Mr Barnett submitted that there appeared to be something sinister in the way the situation had arisen, particularly having regard to the return of $13,000 in the 1989 Inland Revenue Department return. He submitted that while it was open to the Department to accept a correction to the sum of $30,000, that did not mean that the figure should necessarily be accepted by the respondent as definitive of the appellant's remuneration for that year. Mr Barnett also submitted that while the appellant had been making drawings from the company, these should not be considered as wages until they have been so allocated in the company's accounts for the financial year in question. 
I have examined the company accounts for the years in question and I am surprised at the attitude adopted by the respondent. It is quite clear from page 5 of the “notes to the financial statements” in the company's accounts for the year ended 31 December 1987 that the appellant was credited with salary of $45,001. That figure was then transposed to the appellant's return to the Inland Revenue Department which was lodged with that Department on 1 June 1989. However, because of the losses incurred in the partnership in which the appellant was then involved in Australia her total income for that year was reduced to $18,169.20 on which the respondent based relevant earnings because at that time the return for the year in which the accident occurred had not been filed. 
In the company's accounts for the year ended 31 December 1988, while the amount allocated for directors' fees is shown as $15,000, page 6 of the financial statement shows that salary credited to the appellant for the year was $30,000 as opposed to the $45,000 in the previous year. It is interesting to note that the company's return which included that statement of accounts was lodged with the Inland Revenue Department on 28 November 1989 while her accident had occurred on 22 November 1989 and her claim for cover was not lodged until 6 December 1989.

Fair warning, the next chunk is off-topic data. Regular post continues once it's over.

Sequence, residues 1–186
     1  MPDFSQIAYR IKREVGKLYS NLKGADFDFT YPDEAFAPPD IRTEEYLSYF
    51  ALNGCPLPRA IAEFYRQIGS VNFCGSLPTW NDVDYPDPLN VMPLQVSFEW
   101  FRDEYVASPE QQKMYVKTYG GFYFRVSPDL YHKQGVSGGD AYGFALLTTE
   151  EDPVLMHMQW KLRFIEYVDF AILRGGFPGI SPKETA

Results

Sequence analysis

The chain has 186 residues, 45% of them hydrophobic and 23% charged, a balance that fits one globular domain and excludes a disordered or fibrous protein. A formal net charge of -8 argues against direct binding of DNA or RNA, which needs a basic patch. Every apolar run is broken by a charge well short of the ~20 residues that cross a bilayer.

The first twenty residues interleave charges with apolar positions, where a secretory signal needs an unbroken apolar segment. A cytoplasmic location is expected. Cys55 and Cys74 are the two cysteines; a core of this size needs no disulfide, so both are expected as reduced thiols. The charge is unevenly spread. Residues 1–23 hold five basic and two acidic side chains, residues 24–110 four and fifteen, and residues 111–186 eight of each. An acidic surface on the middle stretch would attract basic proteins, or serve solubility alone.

The explanation given for the figure of $13,000 shown in the appellant's return for the year ended 31 March 1989 seems to indicate that this was some mistake which was readily rectified with the Department and certainly conforms with the company's accounts as submitted to the Inland Revenue Department within a week of the accident occurring. While it was open to the respondent to adopt the figure of $18,169.20 initially as the figure for assessment of relevant earnings, I consider that once the true position had been established the figure of $30,000 should have been accepted as the appellant's earnings at the time of the accident. 
While Mr Barnett has submitted that the appellant's return of income was filed after the accident and that in such cases a doubt may arise where the figure is higher than for the previous year, I reject that argument in this particular case. The appellant's income had already been determined in the company accounts which were filed with the Department prior to the accident occurring. 
Accordingly the appeal is allowed and relevant earnings are fixed at $30,000. There will be costs of $750 to the appellant.